Yet this desiccated landscape is not without water. Deep beneath the ground, in the rifts and synclines of sandstone which form the foundations of Australia, the Great Artesian Basin contains sixty-five thousand cubic kilometres of water. In places the water seeps from the ground into mound springs, tiny conical hills formed by deposits of minerals contained in the water. A few kilometres beyond Lake Eyre, I sit alone by one called The Bubbler. Encircled by a hem of reeds and algae, the water is cool and slightly brackish. It is amazing to think that the water quietly bubbling up here fell as rain two million years ago in far away Queensland.
I camp for the night on a spit of red sand beside a waterhole on the Warriner River. The girders of a Ghan railway bridge, balanced on thin steel struts, span the river just downstream. Thousands of wading birds screech and titter on the water.
My campfire crackles and snaps as I cook steak, onions and tinned peas for tea. I am struck by the thought that the heat and light produced by the burning wood fell as sunlight on the Outback decades ago. In a strange, tenuous way, it connects me with the days when the Ghan trains rattled over the old bridge which now stands silhouetted by the rising moon.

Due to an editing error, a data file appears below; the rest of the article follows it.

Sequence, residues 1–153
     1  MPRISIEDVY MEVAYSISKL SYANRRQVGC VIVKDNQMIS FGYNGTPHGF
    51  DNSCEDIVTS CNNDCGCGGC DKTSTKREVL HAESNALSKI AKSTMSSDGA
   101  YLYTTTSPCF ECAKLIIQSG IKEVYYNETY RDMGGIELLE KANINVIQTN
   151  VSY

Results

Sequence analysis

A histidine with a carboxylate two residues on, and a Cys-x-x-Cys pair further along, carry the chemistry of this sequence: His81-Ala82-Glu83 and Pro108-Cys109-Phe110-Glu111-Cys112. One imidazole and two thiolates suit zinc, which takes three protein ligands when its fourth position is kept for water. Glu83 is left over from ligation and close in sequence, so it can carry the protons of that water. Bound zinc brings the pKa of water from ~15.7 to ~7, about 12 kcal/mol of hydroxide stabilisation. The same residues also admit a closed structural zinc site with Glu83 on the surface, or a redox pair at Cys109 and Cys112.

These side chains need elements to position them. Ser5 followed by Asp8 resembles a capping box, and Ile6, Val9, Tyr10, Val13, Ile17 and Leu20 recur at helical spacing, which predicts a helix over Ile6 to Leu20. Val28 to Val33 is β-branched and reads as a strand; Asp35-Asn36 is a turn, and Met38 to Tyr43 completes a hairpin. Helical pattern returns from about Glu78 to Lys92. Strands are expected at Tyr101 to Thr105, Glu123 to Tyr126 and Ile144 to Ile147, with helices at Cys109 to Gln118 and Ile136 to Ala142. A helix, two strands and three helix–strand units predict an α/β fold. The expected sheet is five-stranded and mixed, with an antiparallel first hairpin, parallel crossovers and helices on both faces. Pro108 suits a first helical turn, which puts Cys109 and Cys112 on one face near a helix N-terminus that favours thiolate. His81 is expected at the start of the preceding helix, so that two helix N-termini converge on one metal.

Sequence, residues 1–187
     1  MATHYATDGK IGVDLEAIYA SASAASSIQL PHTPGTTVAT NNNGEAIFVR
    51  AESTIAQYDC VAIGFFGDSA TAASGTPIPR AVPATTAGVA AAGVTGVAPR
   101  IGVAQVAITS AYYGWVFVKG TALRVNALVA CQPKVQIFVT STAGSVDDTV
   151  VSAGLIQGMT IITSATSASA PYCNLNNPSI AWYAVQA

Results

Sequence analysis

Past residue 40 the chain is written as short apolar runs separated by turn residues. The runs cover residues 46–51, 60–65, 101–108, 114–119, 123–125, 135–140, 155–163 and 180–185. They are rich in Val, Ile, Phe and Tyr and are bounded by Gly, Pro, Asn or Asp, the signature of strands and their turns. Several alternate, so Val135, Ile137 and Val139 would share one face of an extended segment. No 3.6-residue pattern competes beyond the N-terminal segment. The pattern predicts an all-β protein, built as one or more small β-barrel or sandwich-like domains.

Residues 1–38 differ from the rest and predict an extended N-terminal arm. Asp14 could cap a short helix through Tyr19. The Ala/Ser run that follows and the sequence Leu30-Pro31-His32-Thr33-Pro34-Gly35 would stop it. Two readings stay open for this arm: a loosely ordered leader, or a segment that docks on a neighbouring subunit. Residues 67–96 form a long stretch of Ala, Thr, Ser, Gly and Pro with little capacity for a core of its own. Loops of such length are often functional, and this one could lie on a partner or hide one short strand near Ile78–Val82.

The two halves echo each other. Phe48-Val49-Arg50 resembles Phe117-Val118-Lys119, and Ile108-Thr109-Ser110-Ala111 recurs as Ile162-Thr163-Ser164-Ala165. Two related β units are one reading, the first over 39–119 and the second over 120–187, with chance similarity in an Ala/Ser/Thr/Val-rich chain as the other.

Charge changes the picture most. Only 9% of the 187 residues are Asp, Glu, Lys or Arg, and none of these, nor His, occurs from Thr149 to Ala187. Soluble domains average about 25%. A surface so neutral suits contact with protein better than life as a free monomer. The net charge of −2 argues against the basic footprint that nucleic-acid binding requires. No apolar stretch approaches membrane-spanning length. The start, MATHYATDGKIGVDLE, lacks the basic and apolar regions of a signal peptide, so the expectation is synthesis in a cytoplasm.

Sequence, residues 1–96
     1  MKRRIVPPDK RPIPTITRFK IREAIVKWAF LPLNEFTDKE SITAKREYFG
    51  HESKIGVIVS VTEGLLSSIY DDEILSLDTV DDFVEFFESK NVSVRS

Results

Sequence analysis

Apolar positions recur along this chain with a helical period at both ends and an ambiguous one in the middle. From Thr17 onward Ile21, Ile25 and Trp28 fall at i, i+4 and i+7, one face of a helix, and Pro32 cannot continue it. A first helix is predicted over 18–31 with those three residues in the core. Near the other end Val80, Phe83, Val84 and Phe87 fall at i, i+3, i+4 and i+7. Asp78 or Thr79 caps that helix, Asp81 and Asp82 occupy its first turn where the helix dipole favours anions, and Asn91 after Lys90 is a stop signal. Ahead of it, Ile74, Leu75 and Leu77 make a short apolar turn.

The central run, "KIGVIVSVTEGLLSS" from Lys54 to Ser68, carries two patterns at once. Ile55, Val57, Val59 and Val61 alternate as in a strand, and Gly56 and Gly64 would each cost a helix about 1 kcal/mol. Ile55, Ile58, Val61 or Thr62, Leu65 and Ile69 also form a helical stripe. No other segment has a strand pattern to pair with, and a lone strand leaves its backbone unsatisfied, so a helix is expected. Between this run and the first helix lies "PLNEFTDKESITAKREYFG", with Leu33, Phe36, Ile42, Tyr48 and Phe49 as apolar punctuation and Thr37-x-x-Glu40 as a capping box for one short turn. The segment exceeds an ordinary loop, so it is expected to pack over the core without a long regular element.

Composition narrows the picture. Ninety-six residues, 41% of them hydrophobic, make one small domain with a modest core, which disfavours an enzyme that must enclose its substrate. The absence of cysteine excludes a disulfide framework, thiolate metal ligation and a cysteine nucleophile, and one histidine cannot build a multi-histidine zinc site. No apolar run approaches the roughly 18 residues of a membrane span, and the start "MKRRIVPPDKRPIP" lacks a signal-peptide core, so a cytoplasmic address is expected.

Driving the Oodnadatta Track gives me the feeling that I am sailing alone on a vast red ocean. My course is laid out for me every day as the road unfolds ahead of me and closes into a vanishing point exactly the same distance behind. The sun rises in the same position on my starboard beam every morning, describes a great arc overhead as the day progresses, and sinks back into the landscape off to port as I anchor for the night. The giant orb of the full moon follows the same track. It is if both are connected by some invisible bar, pivoting on perfectly balanced gimbals, with me in the centre.
The ruins of the Old Peake Homestead overlook Freeling Springs, twenty kilometres off the Oodnadatta Track. The roofless stone buildings once housed a repeater station on the Overland Telegraph Line. Morse code signals coming to or from Adelaide were amplified here then sent onwards. In its day, the OTL was cutting edge technology; communications between Britain and Australia which had once taken months now only took a few hours. I hold up my smart phone and photograph it with a pair of telegraph poles behind. The telegraph line is long gone; cell-phone coverage is a distant memory. No one knows I am out here. I am incommunicado.
After days alone in the wilderness, Oodnadatta, the “driest town in the driest state of the driest continent”, feels like a bustling urban environment. At the Pink Roadhouse I indulge in the sybaritic pleasure of a hot shower and numerous cold drinks. But I soon begin to feel a strange desire to haul the anchor up and drift further north, deeper into the continent. I refuel and drive to the edge of town where the tarmac crumbles into red dirt again. The road converges to a point on the horizon, and vanishes.